cooking tips

Don't be afraid of the turkey

These tips for preparing the perfect turkey will make you look like a pro, even if you are not.

Thanksgiving Cooking Tips

If you are a novice, Thanksgiving cooking and entertaining can be scary. Fortunately, you have a lot of resources to help you overcome this fear. You could purchase a precooked turkey or buy loaded party trays to fill your guests while you join in on the fun. Or, if you’re fed up with being the person that never takes on cooking a home cooked meal, you could surprise everyone by cooking the main dish…the turkey. Here’s how to get started.


Brine before you cook

For a juicier and tastier bird, brine (a.k.a. soak) your turkey before you cook it. Whether you’re roasting, frying, baking or smoking your turkey, brining works for all cooking methods and will enhance your turkey’s flavor. It’s also an easy technique that’s simple enough for beginners, but makes your turkey tender like you’re advanced.

Brining Items

Things you need to start brining

  • 5-gallon container (tub, stockpot or bucket)
  • Salt
  • Water
  • Large brine or oven bag
  • Large refrigerator*
  • Optional: Flavor (e.g. cranberries, fresh orange juice, clove & honey, maple & thyme or apple cider

*If you have a standard size refrigerator, simply store food in the freezer temporarily or remove shelves to make room for your turkey.

Tip: Always brine turkey in a food-grade, nonreactive container such as a stockpot or food-grade plastic bucket. Never use ordinary trash bags or containers not meant for food use.

Once your turkey has gone through the brining process, it’s ready to be prepared. Luckily you have an easy way to find your turkey-cooking might—roasting is great for beginners.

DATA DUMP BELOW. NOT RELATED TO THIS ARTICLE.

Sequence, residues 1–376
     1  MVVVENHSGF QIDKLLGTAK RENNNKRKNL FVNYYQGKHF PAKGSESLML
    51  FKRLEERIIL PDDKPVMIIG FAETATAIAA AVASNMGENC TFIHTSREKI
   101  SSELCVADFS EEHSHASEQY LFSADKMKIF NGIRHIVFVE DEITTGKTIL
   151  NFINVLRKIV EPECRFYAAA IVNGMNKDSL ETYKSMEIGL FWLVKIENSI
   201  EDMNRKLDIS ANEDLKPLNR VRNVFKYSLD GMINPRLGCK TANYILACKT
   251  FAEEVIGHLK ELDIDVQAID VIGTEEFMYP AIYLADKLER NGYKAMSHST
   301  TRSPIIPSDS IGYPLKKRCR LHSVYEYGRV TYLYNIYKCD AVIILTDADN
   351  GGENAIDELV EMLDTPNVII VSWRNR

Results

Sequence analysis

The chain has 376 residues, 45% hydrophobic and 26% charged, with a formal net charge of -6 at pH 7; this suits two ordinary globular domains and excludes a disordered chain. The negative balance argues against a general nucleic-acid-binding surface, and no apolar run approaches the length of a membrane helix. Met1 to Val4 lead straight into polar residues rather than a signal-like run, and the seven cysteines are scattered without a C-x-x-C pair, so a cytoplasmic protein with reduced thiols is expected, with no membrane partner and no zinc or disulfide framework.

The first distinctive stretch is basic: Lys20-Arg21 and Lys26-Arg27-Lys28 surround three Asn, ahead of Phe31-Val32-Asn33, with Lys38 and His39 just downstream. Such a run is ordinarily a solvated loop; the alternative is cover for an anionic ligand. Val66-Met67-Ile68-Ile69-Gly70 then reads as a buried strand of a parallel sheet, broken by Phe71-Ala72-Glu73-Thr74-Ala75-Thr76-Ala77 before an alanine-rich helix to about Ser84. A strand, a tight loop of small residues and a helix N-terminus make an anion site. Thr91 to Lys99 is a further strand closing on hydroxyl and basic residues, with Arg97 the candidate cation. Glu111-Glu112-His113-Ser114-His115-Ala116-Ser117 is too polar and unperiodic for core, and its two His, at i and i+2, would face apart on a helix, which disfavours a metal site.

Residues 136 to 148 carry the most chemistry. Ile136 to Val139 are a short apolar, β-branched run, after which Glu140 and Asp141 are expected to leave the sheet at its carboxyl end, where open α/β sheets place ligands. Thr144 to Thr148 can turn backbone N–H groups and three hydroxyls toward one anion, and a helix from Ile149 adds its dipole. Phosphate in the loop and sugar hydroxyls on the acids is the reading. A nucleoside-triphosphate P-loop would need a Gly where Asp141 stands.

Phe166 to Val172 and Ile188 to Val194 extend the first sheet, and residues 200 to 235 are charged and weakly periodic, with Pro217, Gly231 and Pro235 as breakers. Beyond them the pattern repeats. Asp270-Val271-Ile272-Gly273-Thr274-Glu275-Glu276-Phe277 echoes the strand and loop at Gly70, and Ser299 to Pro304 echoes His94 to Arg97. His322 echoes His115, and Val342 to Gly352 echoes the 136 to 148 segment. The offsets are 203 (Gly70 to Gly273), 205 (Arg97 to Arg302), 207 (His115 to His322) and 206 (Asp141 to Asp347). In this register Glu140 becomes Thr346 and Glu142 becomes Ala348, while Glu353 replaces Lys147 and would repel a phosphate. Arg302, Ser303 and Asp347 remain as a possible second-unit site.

Get ready to roast

Roasting is a great way to begin your turkey journey and it won’t leave you discouraged. After your first success, you’ll have the confidence you need to cook a turkey for years to come. So be courageous and simply follow these steps:


Defrost or de-chill

If your bird is frozen you will need to defrost it for about 3-4 days depending on the size. Place the turkey in a pan to catch the drippings and then in the refrigerator to unthaw. If your bird is fresh but chilled, simply remove it from the refrigerator to unchill for 2-3 hours.


Remove the gunk

Okay novice, this is the not so fun part but before the mushy feeling sinks in, it will all be over. Remove the giblets from the center and rinse the turkey.

Preheat oven

Turn up the heat

Preheat your oven to 400° F.

Add Vegetables

Don't forget your veggies and personal touch

This is where you get to be a little creative. You’ll want to slather your turkey with lemon juice, a concoction of fresh herbs or keep it simple with olive oil and spices. Then stuff the bird with flavor inducing veggies like diced potatoes, onions, baby carrots and basil. Adding a few sprigs of rosemary outside the turkey will make you look like a pro as well.


Get ready to bind your bird

Place the turkey BREAST DOWN on a sturdy roasting pan. Make sure it has a rack and is big enough to catch all the drippings. Bind your bird from wing to wing with 100% cotton cooking twine.


Roast the turkey

Cooking time will vary depending on the size but the rule of thumb is about 15 minutes for every pound, so keep a timer handy. Put your turkey in the oven uncovered and roast it at 400° F for the first 20 minutes. Then reduce the heat to 325° F for the next 2 hours. Finally reduce the temperature to 225° F until done, usually another half hour to an hour.

Rest and Carve

Roast the turkey

Let your turkey rest for 15-30 minutes, then carve and serve. Lastly, give yourself a “flap” on the back. You cooked your first turkey!

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